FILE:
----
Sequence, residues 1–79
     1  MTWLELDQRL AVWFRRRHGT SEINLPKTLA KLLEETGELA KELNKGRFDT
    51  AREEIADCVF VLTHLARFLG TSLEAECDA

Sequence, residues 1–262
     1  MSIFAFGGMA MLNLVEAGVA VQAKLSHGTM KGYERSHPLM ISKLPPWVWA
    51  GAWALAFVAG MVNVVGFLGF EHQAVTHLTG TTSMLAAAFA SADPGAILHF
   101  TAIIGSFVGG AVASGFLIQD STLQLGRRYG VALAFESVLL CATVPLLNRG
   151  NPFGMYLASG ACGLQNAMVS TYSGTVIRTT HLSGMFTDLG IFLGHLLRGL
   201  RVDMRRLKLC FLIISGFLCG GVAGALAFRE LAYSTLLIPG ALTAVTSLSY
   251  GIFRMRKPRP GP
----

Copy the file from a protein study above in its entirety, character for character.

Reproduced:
Sequence, residues 1–79
     1  MTWLELDQRL AVWFRRRHGT SEINLPKTLA KLLEETGELA KELNKGRFDT
    51  AREEIADCVF VLTHLARFLG TSLEAECDA

Sequence, residues 1–262
     1  MSIFAFGGMA MLNLVEAGVA VQAKLSHGTM KGYERSHPLM ISKLPPWVWA
    51  GAWALAFVAG MVNVVGFLGF EHQAVTHLTG TTSMLAAAFA SADPGAILHF
   101  TAIIGSFVGG AVASGFLIQD STLQLGRRYG VALAFESVLL CATVPLLNRG
   151  NPFGMYLASG ACGLQNAMVS TYSGTVIRTT HLSGMFTDLG IFLGHLLRGL
   201  RVDMRRLKLC FLIISGFLCG GVAGALAFRE LAYSTLLIPG ALTAVTSLSY
   251  GIFRMRKPRP GP